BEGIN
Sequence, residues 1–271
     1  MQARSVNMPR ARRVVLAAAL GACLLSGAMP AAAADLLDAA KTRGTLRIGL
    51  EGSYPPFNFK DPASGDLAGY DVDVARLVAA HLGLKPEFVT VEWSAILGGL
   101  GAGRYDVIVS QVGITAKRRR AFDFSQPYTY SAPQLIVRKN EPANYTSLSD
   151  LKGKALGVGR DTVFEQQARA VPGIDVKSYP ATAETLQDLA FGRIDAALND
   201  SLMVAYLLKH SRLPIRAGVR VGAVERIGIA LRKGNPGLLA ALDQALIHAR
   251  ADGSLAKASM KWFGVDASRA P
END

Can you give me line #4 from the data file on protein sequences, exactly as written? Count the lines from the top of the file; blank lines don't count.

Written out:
   101  GAGRYDVIVS QVGITAKRRR AFDFSQPYTY SAPQLIVRKN EPANYTSLSD